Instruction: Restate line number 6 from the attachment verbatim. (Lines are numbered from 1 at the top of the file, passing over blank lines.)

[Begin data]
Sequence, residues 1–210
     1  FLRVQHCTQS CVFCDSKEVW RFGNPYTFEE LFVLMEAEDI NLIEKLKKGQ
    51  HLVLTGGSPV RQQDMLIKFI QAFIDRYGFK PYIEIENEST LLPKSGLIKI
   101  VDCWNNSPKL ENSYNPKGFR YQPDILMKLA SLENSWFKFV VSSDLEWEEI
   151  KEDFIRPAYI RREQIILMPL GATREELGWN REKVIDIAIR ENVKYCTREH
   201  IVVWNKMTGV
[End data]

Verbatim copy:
   201  IVVWNKMTGV